BY ISAIAH TIBITA
I n a heated discussion organised by the Law Society of Uganda Christian University on November 9, under the topic “Rule of Law: How far off the paper?”, students from the law faculty were tipped on how to take the rule of law far beyond paper-work and class discussions.
When asked by The Standard on whether the symposium served its purpose, Patrick Ssemwogere, the speaker of the UCU Law Society, said that the symposium brought to light factors that affect the rule of law in Uganda.
Some of the factors are that the rule of law is inaccessible and there is a backlog of cases in the courts. These, he said, were all relevant insights in preparing them as students of law.
Guest speakers like Senior Counsel Caleb Alaka of Alaka and Co. Advocates, Counsel Angela Nantongo of Buwule and Mayiga Advocates took lead of the day’s discussion.
Both pointed out the fact that people have failed to access justice because of expenses and other procedures in their quest for justice.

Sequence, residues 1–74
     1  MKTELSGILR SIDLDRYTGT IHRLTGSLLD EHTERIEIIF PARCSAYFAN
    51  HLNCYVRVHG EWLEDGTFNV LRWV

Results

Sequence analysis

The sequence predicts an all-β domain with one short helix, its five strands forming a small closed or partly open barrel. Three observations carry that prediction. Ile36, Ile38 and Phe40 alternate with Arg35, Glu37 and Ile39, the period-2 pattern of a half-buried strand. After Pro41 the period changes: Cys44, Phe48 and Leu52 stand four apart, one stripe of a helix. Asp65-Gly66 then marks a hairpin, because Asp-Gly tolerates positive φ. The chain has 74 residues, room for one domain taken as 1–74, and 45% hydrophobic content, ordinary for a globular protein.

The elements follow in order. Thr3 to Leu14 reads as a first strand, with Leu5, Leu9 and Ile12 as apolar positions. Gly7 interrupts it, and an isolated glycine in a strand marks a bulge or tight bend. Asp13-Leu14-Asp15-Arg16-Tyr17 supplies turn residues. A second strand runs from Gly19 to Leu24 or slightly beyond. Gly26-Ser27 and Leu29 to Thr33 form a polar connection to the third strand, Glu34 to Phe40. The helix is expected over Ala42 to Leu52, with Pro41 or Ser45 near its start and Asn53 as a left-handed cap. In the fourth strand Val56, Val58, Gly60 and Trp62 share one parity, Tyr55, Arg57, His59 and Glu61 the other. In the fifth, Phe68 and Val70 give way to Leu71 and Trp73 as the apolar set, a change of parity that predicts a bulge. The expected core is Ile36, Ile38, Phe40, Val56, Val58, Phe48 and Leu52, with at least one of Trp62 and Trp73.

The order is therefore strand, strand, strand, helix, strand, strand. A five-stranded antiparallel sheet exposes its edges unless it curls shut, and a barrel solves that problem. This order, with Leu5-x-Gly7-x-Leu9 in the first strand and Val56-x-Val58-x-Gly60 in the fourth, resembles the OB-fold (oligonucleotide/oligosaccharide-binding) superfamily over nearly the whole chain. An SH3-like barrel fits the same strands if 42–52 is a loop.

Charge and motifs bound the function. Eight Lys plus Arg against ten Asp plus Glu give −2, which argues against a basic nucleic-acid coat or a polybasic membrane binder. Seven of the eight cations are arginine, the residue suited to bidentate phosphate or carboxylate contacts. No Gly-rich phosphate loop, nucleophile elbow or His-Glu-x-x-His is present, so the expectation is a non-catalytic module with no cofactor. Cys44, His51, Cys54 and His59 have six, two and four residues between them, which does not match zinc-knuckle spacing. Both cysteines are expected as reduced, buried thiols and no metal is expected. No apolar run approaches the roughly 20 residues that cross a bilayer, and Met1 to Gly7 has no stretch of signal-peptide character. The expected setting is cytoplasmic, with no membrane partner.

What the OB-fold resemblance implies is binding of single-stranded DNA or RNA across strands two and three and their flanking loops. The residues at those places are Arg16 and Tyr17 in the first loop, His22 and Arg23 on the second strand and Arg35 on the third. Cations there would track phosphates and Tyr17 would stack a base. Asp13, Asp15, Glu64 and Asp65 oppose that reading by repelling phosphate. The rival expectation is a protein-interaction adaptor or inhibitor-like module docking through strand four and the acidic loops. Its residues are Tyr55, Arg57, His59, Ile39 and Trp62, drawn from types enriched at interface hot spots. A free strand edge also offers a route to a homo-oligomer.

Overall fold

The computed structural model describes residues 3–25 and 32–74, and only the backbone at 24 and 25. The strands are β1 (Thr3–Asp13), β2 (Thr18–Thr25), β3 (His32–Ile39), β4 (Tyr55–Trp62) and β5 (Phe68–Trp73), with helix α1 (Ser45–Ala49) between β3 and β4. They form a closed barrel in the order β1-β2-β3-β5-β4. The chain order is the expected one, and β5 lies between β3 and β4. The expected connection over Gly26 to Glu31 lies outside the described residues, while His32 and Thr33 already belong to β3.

Nantongo pinned down some arms of government, citing the Executive as having taken the lead in undermining the rule of law in Uganda.
With that reference, she encouraged lawyers to always come up and challenge such inefficiencies in courts. In reference to the current judicial system, Alaka threw a question to the students: “Why would a law graduate sit for pre-Law Development Council entry exams after four years of study at university?” In his opinion, lawyers should by all means move the rule of law beyond paper-work.
He encouraged lawyers to challenge in effectiveness in the current judicial system.